Mercedes-Benz G-Glass be warned: Land Rover is developing a V8 version of its new Defender; the prototype is believed to be powered by JLR’s long-serving supercharged 5.0-litre V8, but the production version could utilise a 4.4-litre V8 turbopetrol from BMW.
Picture credit: S. Baldauf/SB-Medien. We have paid for these photos and at the photographer's request, have watermarked them.
*Update* More recent photographs showing a Defender prototype with high-performance brakes have emerged. We can also clearly see the quad exhaust system.
As Land Rover looks to an electrified future and thriving in a post-Brexit and Covid-19-lockdown automotive landscape, the Coventry-based firm is focusing its efforts on producing fleet-emissions-reducing hybrids and EVs such as the I-Pace; that is not to say that Land Rover has lost its penchant for producing high-performance off-roaders, however.
Far from it – apart from the fact that Land Rover is applying the finishing touches to its next-generation Range Rover, Autocar has published spy photographs of an undisguised Defender sporting “Prototype Vehicle” stickers (reserved for testing mules). The vehicle was photographed near the firm’s development facility in Warwickshire in the United Kingdom.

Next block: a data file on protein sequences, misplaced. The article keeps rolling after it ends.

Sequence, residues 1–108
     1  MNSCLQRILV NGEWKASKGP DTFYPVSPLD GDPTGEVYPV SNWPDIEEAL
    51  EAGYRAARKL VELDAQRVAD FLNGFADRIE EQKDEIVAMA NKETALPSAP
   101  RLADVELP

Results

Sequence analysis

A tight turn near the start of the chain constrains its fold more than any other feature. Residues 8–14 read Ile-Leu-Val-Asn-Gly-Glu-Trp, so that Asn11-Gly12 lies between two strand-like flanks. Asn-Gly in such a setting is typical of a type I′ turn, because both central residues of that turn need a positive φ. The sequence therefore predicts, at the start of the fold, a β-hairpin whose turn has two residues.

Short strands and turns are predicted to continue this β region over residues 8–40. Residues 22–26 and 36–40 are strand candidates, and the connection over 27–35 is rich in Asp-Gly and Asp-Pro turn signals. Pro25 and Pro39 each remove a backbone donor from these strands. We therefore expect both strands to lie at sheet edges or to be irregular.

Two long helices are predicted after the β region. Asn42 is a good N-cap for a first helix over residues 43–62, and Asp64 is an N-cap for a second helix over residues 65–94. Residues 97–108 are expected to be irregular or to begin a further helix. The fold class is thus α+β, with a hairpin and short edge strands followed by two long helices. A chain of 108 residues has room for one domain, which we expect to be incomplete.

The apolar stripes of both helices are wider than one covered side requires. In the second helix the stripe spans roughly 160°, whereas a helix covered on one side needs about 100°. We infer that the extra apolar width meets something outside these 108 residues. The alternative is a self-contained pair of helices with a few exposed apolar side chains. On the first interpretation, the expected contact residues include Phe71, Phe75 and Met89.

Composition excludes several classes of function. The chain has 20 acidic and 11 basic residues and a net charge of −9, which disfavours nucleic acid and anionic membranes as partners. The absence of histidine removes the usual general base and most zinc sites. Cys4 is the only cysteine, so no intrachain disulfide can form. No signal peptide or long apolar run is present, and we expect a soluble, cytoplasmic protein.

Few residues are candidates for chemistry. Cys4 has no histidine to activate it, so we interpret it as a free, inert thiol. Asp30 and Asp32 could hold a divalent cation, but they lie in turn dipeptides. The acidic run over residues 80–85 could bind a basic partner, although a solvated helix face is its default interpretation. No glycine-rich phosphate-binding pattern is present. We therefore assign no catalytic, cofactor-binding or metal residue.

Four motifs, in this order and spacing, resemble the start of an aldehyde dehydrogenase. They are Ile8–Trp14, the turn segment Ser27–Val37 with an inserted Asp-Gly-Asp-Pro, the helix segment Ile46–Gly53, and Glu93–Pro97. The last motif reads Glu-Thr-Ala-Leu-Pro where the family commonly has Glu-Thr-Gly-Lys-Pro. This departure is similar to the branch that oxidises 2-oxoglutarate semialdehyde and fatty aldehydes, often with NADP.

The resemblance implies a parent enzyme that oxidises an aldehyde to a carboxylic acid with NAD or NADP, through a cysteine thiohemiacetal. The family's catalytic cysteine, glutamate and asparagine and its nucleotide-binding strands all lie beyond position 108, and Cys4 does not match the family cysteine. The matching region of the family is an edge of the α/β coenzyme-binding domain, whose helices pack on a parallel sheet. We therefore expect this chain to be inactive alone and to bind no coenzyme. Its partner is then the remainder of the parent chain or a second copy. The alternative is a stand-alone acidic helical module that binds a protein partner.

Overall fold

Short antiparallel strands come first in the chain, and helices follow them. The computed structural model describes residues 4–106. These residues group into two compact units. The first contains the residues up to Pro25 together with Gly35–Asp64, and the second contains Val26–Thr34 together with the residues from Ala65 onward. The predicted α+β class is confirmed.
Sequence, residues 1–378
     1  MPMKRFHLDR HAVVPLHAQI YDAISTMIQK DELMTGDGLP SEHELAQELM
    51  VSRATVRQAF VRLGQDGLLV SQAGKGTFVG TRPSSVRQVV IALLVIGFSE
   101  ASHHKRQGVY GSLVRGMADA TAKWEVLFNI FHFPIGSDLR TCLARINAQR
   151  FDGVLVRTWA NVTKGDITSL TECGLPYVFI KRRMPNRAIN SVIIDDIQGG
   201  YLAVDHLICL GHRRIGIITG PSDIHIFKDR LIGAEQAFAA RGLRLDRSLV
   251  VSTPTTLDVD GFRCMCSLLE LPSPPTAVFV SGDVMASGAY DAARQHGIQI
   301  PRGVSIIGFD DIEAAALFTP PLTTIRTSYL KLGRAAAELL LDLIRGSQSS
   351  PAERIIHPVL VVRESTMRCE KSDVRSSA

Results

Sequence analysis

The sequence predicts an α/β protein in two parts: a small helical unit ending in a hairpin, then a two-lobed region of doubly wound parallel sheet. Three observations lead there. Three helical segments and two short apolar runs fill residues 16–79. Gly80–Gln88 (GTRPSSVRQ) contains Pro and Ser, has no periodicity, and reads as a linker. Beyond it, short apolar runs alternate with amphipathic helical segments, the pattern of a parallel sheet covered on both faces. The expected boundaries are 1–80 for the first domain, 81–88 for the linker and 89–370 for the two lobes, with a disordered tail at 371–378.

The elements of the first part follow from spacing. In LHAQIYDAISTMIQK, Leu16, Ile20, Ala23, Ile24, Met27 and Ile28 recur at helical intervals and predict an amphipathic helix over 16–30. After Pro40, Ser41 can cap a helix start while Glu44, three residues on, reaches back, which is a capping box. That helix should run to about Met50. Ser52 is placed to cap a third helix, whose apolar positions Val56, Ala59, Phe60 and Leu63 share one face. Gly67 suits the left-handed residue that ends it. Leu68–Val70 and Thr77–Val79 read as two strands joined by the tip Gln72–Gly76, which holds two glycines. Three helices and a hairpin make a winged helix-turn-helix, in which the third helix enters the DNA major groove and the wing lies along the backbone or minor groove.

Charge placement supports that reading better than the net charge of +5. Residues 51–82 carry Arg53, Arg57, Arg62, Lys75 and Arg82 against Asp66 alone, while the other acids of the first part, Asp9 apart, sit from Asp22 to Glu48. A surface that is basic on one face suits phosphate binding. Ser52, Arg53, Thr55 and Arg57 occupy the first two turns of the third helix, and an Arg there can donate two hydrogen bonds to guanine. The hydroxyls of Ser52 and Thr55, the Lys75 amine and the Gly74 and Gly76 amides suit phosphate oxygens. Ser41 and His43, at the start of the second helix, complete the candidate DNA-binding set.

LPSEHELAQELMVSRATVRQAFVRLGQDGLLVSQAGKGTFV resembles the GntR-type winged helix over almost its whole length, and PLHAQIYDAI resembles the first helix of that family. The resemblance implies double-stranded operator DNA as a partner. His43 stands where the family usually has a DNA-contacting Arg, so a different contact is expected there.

Render of the Land Rover Defender SVR via Avarvarii/AutoCar
The new Defender’s international media presentation event was recently hosted in Namibia – where our correspondent Danie Botha duly put the newcomer through its paces – and we’ve already published a Specs & Price article of the new range. The initial line-up consists of a 2.0-litre turbopetrol and –diesel engines, as well as a P400 MHEV – a mild hybrid that utilises a 3.0-litre V6 turbopetrol with an electric supercharger and a belt-integrated starter generator linked to a 48V system.